CW: mental illness


- title taken from Science girl(@gunsnrosesgirl3) tweet on 25/10/2022


They say that no other whale can hear his 52Hz cries of solitude. The blue whale being heard at 10 – 39Hz; the fin whale being heard at 10Hz; they can all hear one another. No one can hear him. No one has ever seen him. We’ve just heard his elusive calls of soothingly lonely pleas. Some say he could be deaf. Some say there are others just like him; more than just one lonely whale, wallowing in 52Hz solitude. No one really knows, though, but we can still hear him. In the expanse of the ocean, away from the masses of schools of whales, no predators, no preys, no enemies, no friends, no family, no mate; just him, Mr Blue, Mr 52Hz, Blue 52.

Whale J35, also known as Tahlequah, is an Orca that has given birth to three calves now. Her second calf, her middle child, Tali, died almost immediately after being born. J35, in an unprecedented and unexpected display of motherhood and grief (and maternal grief) carried the lifeless body of her offspring for 17 days, across the ocean, until she felt that she had grieved sufficiently. Other maternal orcas in her pack helped her carry the hefty corpse when she tired of carrying the burden of grief.

When sperm whales tire, they commonly sleep for 15-to-20-minute power naps. Usually, they sleep upright (or longitudinally/vertically) with one eye open, usually very close to the surface of the water. This is usually done in their packs and looks somewhat like massive sacs of alien eggs, just waiting to be released. All whales sleep in this manner to keep their guard up, in case any predators attack them, but also because whales cannot breathe underwater.

Whales (despite living in the ocean), cannot breathe underwater. They usually come to the surface of the water every 20-to-90 minutes to breathe. How strange it must be to live in one world and breathe in another.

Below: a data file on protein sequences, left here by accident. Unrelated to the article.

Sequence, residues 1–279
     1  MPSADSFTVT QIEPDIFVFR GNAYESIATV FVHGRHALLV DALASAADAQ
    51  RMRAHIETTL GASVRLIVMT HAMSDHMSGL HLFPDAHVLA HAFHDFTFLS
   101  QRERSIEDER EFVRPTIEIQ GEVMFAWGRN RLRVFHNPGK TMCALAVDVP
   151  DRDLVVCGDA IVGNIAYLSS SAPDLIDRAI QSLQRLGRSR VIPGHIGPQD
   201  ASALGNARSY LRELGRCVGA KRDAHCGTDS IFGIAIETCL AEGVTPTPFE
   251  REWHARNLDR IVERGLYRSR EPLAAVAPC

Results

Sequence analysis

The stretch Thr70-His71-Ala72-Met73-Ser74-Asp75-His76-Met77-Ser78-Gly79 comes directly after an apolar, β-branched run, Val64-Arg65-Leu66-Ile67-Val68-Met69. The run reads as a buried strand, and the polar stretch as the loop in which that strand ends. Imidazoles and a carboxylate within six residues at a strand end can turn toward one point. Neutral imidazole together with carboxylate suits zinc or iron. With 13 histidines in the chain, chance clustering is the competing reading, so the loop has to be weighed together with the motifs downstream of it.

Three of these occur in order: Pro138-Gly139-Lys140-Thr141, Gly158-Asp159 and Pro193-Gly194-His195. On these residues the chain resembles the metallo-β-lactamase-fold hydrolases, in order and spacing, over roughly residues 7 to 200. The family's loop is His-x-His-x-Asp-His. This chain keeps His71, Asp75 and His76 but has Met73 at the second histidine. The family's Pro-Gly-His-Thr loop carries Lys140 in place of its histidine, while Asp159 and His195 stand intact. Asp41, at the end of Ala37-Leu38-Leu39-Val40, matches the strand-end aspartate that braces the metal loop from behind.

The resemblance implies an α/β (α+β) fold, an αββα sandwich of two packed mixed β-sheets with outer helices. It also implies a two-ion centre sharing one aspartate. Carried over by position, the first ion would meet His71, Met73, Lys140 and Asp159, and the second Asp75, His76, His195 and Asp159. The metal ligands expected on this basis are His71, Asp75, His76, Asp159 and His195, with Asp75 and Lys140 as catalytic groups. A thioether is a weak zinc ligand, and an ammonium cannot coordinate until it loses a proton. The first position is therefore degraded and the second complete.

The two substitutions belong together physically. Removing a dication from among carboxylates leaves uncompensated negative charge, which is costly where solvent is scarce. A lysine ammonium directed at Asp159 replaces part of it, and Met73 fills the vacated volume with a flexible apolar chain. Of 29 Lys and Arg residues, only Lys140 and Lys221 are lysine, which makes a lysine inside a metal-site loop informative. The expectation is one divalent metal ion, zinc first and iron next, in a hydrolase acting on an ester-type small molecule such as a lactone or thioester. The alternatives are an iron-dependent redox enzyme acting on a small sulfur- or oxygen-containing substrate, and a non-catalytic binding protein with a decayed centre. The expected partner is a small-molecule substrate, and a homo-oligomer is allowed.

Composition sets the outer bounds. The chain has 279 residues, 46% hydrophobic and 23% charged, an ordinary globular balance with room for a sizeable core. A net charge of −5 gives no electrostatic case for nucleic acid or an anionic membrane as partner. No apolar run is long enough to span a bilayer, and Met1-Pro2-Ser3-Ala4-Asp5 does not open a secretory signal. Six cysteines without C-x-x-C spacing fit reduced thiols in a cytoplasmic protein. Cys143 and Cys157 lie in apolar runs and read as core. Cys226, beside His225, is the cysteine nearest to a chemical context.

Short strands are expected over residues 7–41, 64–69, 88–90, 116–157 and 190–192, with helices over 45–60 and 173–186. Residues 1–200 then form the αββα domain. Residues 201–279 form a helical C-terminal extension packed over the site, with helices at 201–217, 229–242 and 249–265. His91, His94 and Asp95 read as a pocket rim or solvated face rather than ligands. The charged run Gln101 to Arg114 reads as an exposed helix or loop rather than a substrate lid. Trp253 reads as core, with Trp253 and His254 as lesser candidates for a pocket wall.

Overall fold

I lapse, usually every few minutes, into an intrusive thought. I wander, just below the surface of normalcy, to dwell on the intruding theory. I count…till 9…till 12…till 15. I do something elaborate with my fingers. I touch my chest (where my locket used to be), say a silent prayer. I do it once more. I do it thrice more. I come back up to the surface; for air, for sanity, to breathe.

Oh, how strange it is to live in one world and breathe in another.

Shiksha Dheda

Shiksha Dheda is a South African of Indian descent. She uses writing to express her OCD and depression roller-coaster ventures, but mostly to avoid working on her master's degree. Sometimes, she dabbles in photography, painting, and baking lopsided layered cakes. Her writing has been featured (on/forthcoming) in Wigleaf, Passages North, Brittle Paper, Door is a jar and Epoch Press amongst others. She is the Pushcart-nominated author of Washed Away (Alien Buddha Press, 2021). She currently has chapbooks published with The Daily Drunk Mag and Fahmidan Publishing & Co. She rambles annoyingly at Twitter: @ShikshaWrites. You can find (or ignore her) at

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